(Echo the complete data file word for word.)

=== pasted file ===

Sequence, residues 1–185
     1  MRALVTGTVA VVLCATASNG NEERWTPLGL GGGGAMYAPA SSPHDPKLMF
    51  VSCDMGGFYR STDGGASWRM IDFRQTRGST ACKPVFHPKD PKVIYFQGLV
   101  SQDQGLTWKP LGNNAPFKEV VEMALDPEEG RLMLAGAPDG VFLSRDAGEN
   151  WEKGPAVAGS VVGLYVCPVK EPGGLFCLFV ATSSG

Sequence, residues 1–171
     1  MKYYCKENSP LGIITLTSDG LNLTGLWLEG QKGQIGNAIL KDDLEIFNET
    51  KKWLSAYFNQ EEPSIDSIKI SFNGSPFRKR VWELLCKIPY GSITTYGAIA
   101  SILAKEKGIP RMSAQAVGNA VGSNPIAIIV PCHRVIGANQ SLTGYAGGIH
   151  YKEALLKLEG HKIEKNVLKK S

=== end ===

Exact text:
Sequence, residues 1–185
     1  MRALVTGTVA VVLCATASNG NEERWTPLGL GGGGAMYAPA SSPHDPKLMF
    51  VSCDMGGFYR STDGGASWRM IDFRQTRGST ACKPVFHPKD PKVIYFQGLV
   101  SQDQGLTWKP LGNNAPFKEV VEMALDPEEG RLMLAGAPDG VFLSRDAGEN
   151  WEKGPAVAGS VVGLYVCPVK EPGGLFCLFV ATSSG

Sequence, residues 1–171
     1  MKYYCKENSP LGIITLTSDG LNLTGLWLEG QKGQIGNAIL KDDLEIFNET
    51  KKWLSAYFNQ EEPSIDSIKI SFNGSPFRKR VWELLCKIPY GSITTYGAIA
   101  SILAKEKGIP RMSAQAVGNA VGSNPIAIIV PCHRVIGANQ SLTGYAGGIH
   151  YKEALLKLEG HKIEKNVLKK S